One of America's new intellectual stars is a young writer named Michael Lind, whose contrarian essays on politics have given him a reputation as a brilliant enfant terrible. In 1994 Lind published an article in Harper's about international trade, which contained the following remarkable passage: "Many advocates of free trade claim that higher productivity growth in the United States will offset pressure on wages caused by the global sweatshop economy, but the appealing theory falls victim to an unpleasant fact. Productivity has been going up, without resulting wage gains for American workers. Between 1977 and 1992, the average productivity of American workers increased by more than 30 percent, while the average real wage fell by 13 percent. The logic is inescapable. No matter how much productivity increases, wages will fall if there is an abundance of workers competing for a scarcity of jobs -- an abundance of the sort created by the globalization of the labor pool for US-based corporations." (Lind 1994: ) What is so remarkable about this passage?...if you are an economist with any familiarity with this area, is that when Lind writes about how the beautiful theory of free trade is refuted by an unpleasant fact, the fact he cites is completely untrue. More specifically: the 30 percent productivity increase he cites was achieved only in the manufacturing sector; in the business sector as a whole the increase was only 13 percent. The 13 percent decline in real wages was true only for production workers, and ignores the increase in their benefits: total compensation of the average worker actually rose 2 percent. And even that remaining gap turns out to be a statistical quirk: it is entirely due to a difference in the price indexes used to deflate business output and consumption (probably reflecting overstatement of both productivity growth and consumer price inflation). When the same price index is used, the increases in productivity and compensation have been almost exactly equal. But then how could it be otherwise? Any difference in the rates of growth of productivity and compensation would necessarily show up as a fall in labor's share of national income -- and as everyone who is even slightly familiar with the numbers knows, the share of compensation in U.S. national income has been quite stable in recent decades, and actually rose slightly over the period Lind describes.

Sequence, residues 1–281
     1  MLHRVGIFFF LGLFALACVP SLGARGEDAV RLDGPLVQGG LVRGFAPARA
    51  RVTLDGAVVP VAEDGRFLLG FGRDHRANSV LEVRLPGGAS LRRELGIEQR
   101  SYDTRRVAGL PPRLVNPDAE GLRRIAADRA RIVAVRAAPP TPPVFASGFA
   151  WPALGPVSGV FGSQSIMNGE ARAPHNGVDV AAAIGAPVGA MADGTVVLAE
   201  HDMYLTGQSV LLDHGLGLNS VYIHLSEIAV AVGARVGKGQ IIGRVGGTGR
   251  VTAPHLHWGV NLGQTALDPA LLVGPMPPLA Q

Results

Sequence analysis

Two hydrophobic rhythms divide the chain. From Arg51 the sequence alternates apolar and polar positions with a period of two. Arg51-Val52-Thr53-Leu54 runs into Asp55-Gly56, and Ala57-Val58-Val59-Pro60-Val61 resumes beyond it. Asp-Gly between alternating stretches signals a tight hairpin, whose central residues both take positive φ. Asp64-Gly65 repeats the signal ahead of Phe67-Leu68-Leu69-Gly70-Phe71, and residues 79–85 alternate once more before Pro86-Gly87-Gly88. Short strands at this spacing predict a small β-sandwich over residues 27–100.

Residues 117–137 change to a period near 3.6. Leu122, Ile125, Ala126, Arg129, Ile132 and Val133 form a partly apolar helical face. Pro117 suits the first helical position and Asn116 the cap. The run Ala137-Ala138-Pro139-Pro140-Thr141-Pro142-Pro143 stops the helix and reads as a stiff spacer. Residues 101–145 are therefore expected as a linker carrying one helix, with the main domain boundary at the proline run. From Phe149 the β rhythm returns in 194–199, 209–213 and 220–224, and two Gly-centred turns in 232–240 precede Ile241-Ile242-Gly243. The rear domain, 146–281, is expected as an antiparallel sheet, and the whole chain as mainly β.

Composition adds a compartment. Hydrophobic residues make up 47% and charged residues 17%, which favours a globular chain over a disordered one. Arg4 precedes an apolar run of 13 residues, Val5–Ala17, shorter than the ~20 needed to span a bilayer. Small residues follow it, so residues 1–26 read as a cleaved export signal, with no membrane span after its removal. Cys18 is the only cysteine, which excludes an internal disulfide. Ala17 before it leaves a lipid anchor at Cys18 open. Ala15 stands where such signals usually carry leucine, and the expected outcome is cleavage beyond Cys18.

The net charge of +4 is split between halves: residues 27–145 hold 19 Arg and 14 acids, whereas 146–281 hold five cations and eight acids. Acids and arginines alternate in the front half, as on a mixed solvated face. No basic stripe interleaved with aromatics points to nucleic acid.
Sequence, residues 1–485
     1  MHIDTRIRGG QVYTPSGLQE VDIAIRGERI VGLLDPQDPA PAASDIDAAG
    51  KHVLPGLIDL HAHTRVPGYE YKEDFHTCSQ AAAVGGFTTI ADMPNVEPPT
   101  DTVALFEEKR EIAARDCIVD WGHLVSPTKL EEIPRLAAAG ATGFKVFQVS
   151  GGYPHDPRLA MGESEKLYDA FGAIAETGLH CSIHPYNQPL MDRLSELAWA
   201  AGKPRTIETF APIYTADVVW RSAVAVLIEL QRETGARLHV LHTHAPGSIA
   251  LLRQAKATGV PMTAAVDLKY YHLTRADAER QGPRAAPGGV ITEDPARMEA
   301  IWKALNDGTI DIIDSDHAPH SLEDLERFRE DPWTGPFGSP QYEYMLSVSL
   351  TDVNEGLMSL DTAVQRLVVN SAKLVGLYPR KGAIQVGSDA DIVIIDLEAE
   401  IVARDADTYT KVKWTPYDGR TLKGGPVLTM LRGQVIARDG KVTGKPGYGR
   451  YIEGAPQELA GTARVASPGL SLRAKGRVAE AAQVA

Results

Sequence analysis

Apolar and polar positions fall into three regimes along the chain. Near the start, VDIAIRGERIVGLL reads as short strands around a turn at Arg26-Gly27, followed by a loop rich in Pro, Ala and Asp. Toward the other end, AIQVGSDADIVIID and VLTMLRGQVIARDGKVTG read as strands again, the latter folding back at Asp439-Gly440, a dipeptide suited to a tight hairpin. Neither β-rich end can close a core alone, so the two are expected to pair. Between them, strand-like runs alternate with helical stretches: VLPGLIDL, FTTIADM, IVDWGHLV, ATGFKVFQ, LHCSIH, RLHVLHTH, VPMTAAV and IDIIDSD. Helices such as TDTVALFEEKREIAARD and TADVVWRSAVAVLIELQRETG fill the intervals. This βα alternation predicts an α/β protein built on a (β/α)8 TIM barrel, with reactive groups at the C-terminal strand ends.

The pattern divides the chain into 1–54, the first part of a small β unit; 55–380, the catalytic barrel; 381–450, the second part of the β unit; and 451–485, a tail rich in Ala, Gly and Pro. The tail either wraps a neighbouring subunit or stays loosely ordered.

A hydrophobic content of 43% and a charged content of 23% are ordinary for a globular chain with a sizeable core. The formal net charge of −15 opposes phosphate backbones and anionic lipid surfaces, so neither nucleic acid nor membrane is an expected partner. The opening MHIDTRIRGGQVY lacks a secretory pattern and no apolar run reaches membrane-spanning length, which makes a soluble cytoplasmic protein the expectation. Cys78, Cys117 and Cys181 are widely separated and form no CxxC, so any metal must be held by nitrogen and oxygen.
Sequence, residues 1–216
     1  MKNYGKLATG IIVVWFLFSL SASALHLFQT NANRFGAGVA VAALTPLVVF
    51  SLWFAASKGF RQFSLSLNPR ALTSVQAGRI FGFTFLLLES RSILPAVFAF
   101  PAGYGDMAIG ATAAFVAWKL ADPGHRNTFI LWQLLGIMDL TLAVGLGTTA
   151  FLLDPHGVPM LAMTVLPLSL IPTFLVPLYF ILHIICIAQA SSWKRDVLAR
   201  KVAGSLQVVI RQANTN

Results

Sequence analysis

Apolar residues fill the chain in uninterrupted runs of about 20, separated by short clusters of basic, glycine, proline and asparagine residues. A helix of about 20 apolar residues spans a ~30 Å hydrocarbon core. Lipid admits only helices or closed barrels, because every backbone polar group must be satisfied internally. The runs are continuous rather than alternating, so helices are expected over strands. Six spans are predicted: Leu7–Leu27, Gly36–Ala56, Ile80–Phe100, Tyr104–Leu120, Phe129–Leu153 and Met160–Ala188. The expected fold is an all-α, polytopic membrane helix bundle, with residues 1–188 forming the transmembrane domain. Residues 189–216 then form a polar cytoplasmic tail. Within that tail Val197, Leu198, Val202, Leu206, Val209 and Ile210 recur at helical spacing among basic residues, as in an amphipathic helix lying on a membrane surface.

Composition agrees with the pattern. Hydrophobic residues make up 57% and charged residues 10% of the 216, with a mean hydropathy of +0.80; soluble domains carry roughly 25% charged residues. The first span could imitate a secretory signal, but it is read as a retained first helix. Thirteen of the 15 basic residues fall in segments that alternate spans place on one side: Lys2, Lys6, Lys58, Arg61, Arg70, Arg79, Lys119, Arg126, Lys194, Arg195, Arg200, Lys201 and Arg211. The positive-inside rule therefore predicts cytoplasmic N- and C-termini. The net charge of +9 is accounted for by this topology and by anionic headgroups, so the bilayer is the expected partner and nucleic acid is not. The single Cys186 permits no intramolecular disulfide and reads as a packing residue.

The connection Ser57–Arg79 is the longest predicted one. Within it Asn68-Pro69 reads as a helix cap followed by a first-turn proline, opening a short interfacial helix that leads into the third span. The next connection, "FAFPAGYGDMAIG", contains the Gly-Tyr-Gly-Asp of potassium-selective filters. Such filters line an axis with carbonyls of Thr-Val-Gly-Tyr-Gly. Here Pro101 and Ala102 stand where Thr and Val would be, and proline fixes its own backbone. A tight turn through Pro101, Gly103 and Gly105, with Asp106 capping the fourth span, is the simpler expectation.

Such scholarship. Such integrity. Such a willingness to say what needs to be said instead of what gets him more readers, book sales and cheers in partisan circles. Would the new Krugman ever have the temerity or the guts to stand up and something like this today? I think not. And by "like this", I mean the act of fearlessly correcting populist nonsense from political writers...even on the Left...in the name of unvarnished truth and good sense. No he wouldn't. Krugman likes his new found celebrity too much. Krugman now uses his economic expertise to give cover to Democrats and liberals...not expose them. Krugman is now selective in who he bashes. The old Krugman would take anyone to task for spewing sophistry and self-serving inaccuracies. I seen many articles like this one. It's truly amazing how much Krugman has changed. Back then, economics came first and his politics seemed more moderate and were definitely more reserved. Now, it's the total opposite. Shameful.